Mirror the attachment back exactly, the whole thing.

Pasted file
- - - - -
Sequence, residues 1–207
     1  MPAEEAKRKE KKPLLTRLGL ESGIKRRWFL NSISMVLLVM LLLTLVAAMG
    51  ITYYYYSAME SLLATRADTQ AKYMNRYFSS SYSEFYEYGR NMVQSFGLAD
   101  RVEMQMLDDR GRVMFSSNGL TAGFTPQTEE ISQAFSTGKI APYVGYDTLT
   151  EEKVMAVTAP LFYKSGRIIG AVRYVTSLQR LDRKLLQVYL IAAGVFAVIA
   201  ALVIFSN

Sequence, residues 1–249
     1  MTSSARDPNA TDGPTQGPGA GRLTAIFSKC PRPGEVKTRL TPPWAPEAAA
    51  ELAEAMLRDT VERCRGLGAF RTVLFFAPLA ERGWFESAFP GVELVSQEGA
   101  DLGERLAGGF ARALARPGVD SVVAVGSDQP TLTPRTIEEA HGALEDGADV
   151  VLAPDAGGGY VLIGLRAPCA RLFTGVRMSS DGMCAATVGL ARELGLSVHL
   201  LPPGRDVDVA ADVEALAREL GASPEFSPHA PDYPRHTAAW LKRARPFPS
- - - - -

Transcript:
Sequence, residues 1–207
     1  MPAEEAKRKE KKPLLTRLGL ESGIKRRWFL NSISMVLLVM LLLTLVAAMG
    51  ITYYYYSAME SLLATRADTQ AKYMNRYFSS SYSEFYEYGR NMVQSFGLAD
   101  RVEMQMLDDR GRVMFSSNGL TAGFTPQTEE ISQAFSTGKI APYVGYDTLT
   151  EEKVMAVTAP LFYKSGRIIG AVRYVTSLQR LDRKLLQVYL IAAGVFAVIA
   201  ALVIFSN

Sequence, residues 1–249
     1  MTSSARDPNA TDGPTQGPGA GRLTAIFSKC PRPGEVKTRL TPPWAPEAAA
    51  ELAEAMLRDT VERCRGLGAF RTVLFFAPLA ERGWFESAFP GVELVSQEGA
   101  DLGERLAGGF ARALARPGVD SVVAVGSDQP TLTPRTIEEA HGALEDGADV
   151  VLAPDAGGGY VLIGLRAPCA RLFTGVRMSS DGMCAATVGL ARELGLSVHL
   201  LPPGRDVDVA ADVEALAREL GASPEFSPHA PDYPRHTAAW LKRARPFPS